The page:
How did the lockdown affect your art practice?
Troika is an art collective founded 18 years ago by Conny Freyer, Sebastien Noel and myself, Eva Rucki. We work collaboratively with an emphasis on a studio based practice. The studio, located in East London, is a little microcosmos that is intertwined with lots of surrounding entities. Assistants who come in to help on the larger works, suppliers of materials and parts, external fabricators and specialists, all form part of its everyday activities. It couldn’t be further from the traditional idea of an artist working in solitude tucked away in an iron tower.
We had to change our way of working throughout the different lockdowns quite a bit – having less and less people in the studio, closing it completely, working at different times from one another in the studio. We keep on adapting as we go.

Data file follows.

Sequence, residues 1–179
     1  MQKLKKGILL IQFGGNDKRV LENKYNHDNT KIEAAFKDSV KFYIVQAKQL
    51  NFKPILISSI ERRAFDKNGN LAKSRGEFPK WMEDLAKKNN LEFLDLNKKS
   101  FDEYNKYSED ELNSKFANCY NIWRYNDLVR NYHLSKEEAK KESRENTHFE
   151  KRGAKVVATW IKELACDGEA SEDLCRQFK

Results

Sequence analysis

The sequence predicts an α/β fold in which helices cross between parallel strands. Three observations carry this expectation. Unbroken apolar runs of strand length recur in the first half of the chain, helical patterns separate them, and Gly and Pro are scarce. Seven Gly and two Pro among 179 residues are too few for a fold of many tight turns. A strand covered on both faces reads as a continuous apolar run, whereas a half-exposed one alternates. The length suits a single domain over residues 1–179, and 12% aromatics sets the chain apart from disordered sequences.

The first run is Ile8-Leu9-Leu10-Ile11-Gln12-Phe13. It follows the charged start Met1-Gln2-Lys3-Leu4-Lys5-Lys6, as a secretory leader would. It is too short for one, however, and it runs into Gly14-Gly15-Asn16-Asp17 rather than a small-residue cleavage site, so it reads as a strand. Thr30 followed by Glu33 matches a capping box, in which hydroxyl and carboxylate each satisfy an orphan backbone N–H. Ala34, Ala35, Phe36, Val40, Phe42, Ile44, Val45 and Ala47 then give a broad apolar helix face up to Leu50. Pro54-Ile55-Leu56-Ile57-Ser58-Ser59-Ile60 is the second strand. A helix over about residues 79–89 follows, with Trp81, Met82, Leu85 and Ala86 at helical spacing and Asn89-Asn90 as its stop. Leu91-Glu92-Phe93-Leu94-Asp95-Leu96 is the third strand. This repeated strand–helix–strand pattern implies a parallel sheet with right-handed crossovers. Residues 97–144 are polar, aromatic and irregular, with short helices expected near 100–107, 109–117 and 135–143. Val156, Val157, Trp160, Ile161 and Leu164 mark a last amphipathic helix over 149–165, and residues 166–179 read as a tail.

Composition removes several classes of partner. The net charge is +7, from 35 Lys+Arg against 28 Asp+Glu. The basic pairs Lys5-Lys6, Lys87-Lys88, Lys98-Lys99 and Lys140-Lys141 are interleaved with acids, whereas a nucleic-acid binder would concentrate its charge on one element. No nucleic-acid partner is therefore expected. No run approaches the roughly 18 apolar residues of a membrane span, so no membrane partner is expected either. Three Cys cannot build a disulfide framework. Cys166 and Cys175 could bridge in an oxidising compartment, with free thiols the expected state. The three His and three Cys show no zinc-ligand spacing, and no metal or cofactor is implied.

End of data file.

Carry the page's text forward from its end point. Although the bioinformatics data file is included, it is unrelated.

From the beginning of last year, we had lots of exciting projects lined up – a solo exhibition in a new art foundation in Mexico City comprising an new immersive installation and several new bodies of work, a large permanent sculpture in a university in Denmark, a permanent architectural installation in a museum in Bristol, a solo presentation in a museum in France, a public art installation in East London, a three year project with Cambridge University that will culminate in a large outdoor installation … All this next to smaller works that form a substantial part of our practice such as the Irma paintings, the Borrowed Light and dice works. It is as if the pandemic has put everything into slow motion. For us, it has meant that the timeframe for the larger project has roughly doubled, which has been a welcome side effect – even so everything takes so much longer on the other side, too. But on the upside it gave us the possibility to spend more time on a publication that will accompany our upcoming exhibition in Mexico City and reach out to writers that we have been wanting to work with for a while.
Could you tell me more about one specific work you created during lockdown?